3. No, no, no, didn’t you pay attention to the news. The REAL shopping is at the Bravern and it is walking distance to the transit center.

    1. Oooh. Big faux pas, MBF. Unless you envision Google opening a branch office to poach MS brains, it would be strategically superior to use Microsoft technologies on your website.

      1. Well, Google has offices in Kirkland, and one of their largest data centers in the world is located just across the river in The Dalles Oregon. And if MSFT doesn’t get its mojo back, there will be plenty of empty office space and available talent for Google to pick from by the time Eastlink gets to Redmond.

  6. As someone from Vancouver BC, where the rapid transit system essentially connects regional town centres located at existing regional shopping centres, I find it absolutely bizarre that Seattle’s light rail system (1) does not have a stop at Southcenter Mall and (2) will not have a stop at Bellevue Square. At least the extension to the north will have a stop at Northgate Mall.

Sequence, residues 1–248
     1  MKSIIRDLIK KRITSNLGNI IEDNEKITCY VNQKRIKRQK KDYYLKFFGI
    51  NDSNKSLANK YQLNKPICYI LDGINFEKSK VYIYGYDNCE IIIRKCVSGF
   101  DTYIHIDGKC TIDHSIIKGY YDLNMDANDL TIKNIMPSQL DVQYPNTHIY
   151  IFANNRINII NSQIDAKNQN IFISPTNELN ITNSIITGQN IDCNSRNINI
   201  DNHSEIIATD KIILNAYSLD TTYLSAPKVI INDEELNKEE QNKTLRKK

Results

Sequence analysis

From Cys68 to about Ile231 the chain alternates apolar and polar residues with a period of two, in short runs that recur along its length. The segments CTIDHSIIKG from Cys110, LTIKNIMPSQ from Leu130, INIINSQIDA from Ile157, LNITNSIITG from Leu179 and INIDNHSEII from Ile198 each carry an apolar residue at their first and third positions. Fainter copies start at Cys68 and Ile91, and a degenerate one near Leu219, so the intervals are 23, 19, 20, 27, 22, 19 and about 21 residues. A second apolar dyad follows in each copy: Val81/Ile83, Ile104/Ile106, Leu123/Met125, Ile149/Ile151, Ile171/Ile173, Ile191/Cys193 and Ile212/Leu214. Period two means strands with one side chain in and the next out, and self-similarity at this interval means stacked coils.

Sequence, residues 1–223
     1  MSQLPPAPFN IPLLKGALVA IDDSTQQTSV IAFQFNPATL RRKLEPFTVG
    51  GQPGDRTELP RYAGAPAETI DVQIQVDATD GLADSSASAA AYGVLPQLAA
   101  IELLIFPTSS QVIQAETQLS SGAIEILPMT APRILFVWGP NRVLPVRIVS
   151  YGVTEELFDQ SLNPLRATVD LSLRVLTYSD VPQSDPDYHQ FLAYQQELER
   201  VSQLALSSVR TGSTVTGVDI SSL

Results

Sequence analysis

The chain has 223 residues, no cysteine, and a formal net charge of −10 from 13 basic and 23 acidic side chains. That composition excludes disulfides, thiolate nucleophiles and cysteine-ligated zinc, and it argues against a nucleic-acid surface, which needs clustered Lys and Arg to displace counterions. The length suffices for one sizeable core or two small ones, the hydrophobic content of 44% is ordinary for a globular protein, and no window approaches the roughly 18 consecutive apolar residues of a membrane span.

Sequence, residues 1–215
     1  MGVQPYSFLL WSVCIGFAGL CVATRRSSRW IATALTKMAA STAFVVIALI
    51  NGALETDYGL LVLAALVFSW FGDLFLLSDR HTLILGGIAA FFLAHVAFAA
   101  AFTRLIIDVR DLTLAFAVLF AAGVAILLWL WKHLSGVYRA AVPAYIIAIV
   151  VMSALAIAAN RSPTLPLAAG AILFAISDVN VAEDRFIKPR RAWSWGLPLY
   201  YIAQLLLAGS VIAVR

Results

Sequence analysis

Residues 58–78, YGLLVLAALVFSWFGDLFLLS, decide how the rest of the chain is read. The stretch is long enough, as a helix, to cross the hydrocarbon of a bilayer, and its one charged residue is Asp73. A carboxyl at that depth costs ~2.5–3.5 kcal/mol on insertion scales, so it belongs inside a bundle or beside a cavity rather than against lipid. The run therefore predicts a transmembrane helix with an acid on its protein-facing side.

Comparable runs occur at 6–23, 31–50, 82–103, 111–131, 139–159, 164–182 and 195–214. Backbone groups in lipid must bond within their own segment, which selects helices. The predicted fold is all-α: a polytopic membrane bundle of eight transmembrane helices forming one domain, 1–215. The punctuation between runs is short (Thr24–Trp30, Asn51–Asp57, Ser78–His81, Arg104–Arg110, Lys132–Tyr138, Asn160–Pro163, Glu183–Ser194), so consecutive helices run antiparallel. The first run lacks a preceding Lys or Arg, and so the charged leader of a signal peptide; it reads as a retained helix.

7. After observing many of these meetings and special interest groups involved………….I’d have to say no group of 40 or any number of people represent the greater king county area. Everyone is a special interest group! Let’s take it back to the people with current and correct information under current economic standards including light rails current rideship as a guideline. let’s revote!!!!!!!!!!!!!!!

    1. Russ, don’t go sounding reasonable here, the writers of this article and blog don’t want to be confused by facts or the will of the people.